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Progressive Forest Split

pfs simple encoding polygon

Definition: Progressive Forest Split is an efficient encoding technique for a simple polygon; it groups the decimations into a batch to achieve a high compression ratio.

PFS (Progressive Forest Split) is much more efficient in encoding at the expense of looser granularity. Similar to CPM , it groups the decimations into a batch to achieve a high compression ratio. PFS cuts the mesh through the forest edges, triangulates each tree boundary loop, and displaces vertices to new positions. The geometric data contains the error between the predicted and the real vertex positions. The amortized connectivity encoding takes 10 bits and geometry encoding takes 30 bits per vertex. MPEG-4 accepts PFS as the standard compression scheme. However, PFS is not widely implemented in current 3D players.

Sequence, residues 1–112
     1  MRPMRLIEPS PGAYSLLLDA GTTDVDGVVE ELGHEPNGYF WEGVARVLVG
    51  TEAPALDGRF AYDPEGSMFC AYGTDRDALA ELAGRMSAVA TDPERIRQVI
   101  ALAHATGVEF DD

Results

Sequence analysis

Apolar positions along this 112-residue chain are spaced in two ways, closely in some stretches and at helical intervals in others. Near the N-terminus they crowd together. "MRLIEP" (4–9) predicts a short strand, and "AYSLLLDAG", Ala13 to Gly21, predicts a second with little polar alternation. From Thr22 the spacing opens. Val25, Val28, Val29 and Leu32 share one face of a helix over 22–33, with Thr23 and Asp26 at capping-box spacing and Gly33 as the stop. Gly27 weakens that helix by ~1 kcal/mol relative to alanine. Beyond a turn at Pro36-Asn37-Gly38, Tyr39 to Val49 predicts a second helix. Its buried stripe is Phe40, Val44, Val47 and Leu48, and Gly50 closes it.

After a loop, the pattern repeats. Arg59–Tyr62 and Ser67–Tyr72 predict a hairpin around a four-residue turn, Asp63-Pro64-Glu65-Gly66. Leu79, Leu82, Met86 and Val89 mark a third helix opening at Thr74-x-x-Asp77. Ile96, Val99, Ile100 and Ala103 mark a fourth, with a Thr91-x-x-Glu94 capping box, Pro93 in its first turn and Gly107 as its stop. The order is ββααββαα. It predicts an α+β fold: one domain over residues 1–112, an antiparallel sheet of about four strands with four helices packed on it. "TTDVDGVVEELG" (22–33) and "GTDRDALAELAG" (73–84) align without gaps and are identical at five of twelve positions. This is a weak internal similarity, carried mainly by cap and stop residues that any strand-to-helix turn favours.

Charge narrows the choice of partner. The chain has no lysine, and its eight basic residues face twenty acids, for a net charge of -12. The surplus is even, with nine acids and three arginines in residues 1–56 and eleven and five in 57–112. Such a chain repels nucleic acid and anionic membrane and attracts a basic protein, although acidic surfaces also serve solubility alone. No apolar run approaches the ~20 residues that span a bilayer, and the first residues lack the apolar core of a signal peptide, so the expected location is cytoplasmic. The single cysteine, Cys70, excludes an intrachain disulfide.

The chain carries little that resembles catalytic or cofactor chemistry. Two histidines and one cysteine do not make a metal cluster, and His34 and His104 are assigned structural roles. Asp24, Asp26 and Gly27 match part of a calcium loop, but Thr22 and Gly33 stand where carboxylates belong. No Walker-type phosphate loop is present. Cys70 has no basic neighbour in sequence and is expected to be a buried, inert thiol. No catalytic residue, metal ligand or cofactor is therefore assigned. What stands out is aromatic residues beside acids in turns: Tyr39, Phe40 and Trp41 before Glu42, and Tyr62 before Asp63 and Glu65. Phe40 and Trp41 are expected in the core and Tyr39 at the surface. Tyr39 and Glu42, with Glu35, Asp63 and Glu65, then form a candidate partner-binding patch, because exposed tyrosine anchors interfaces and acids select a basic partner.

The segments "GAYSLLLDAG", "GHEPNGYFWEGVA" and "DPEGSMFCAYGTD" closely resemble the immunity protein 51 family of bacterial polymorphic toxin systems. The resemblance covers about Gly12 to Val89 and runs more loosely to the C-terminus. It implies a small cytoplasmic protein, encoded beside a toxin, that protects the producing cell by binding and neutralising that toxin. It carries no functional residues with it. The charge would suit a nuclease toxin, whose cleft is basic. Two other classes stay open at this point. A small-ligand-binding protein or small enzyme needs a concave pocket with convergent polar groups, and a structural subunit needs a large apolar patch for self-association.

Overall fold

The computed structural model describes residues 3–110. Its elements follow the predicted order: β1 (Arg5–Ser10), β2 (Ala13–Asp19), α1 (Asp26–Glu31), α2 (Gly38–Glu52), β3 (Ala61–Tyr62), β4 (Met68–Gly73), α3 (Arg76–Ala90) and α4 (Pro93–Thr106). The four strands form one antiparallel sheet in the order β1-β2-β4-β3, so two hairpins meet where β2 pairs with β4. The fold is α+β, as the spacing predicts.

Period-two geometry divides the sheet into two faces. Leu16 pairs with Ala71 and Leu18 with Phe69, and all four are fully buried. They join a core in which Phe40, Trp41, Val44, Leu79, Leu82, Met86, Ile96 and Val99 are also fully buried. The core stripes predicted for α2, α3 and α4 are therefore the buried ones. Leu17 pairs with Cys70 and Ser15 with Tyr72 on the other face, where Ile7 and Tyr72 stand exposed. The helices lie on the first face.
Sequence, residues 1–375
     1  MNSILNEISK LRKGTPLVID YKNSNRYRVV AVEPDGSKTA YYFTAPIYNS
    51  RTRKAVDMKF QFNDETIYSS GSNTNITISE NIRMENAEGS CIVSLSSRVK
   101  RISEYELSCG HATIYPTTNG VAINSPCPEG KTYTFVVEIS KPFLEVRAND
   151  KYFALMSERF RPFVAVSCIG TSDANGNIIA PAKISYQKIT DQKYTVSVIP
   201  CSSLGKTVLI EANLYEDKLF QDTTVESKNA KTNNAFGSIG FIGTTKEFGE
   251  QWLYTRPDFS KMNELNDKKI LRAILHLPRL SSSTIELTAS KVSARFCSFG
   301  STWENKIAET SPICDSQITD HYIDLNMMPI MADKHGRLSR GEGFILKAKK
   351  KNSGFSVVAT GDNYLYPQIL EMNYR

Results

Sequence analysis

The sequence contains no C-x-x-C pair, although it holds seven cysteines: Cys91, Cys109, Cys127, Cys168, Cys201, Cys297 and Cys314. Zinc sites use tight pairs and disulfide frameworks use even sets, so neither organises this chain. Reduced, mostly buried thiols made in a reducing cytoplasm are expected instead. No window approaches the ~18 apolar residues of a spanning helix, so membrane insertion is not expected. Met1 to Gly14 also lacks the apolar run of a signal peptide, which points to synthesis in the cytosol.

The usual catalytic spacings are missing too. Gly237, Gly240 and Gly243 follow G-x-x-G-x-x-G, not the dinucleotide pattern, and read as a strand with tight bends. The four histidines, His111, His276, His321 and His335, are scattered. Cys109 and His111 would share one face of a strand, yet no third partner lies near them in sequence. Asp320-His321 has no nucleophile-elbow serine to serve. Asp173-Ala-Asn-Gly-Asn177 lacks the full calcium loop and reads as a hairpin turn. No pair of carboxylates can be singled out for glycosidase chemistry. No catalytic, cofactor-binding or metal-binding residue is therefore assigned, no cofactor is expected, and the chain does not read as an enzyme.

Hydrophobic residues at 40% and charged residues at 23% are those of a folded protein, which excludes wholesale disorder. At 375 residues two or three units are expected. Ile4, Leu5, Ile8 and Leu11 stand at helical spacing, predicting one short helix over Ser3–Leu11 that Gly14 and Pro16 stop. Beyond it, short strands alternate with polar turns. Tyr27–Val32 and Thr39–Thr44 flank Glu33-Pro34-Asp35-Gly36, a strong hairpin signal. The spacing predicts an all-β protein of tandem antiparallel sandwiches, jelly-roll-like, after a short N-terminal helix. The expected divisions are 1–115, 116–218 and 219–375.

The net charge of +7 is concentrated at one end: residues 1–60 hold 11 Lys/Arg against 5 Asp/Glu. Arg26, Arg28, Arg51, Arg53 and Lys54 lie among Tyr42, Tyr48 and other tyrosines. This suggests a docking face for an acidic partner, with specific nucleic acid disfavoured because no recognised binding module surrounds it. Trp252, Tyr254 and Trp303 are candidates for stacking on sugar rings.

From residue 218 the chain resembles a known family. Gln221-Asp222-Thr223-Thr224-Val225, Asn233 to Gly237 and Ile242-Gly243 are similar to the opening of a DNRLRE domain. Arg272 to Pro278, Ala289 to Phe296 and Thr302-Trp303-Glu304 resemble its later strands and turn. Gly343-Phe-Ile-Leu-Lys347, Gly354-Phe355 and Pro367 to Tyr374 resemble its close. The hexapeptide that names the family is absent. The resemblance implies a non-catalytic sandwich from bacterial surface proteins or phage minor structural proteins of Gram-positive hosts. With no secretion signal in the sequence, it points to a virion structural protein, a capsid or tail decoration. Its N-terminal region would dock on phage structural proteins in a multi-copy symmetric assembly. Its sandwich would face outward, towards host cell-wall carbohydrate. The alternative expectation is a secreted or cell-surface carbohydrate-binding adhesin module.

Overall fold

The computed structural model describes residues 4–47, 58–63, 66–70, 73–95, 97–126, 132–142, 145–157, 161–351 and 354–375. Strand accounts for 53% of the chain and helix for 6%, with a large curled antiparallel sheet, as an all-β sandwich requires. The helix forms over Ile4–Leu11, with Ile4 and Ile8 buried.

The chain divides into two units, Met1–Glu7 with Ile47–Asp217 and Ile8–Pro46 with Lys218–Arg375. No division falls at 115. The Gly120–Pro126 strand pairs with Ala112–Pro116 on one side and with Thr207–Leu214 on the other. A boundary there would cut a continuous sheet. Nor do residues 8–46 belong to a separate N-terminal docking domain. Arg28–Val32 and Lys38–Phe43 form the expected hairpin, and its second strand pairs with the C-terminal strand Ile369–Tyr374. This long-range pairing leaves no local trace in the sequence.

PFS provides an efficient encoding for a simple polygon (triangulated with no internal vertices). For each refinement, at compression, certain simple polygons are selected for removal. Each simple polygon is simplified to a set of connected edges. All these edge sets form a forest. At decompression, the decoder cuts through the edges in the forest and fills in the hole with the encoded corresponding simple polygon. Figure 1. shows the simplification/triangulation of a simply polygon with four triangles.

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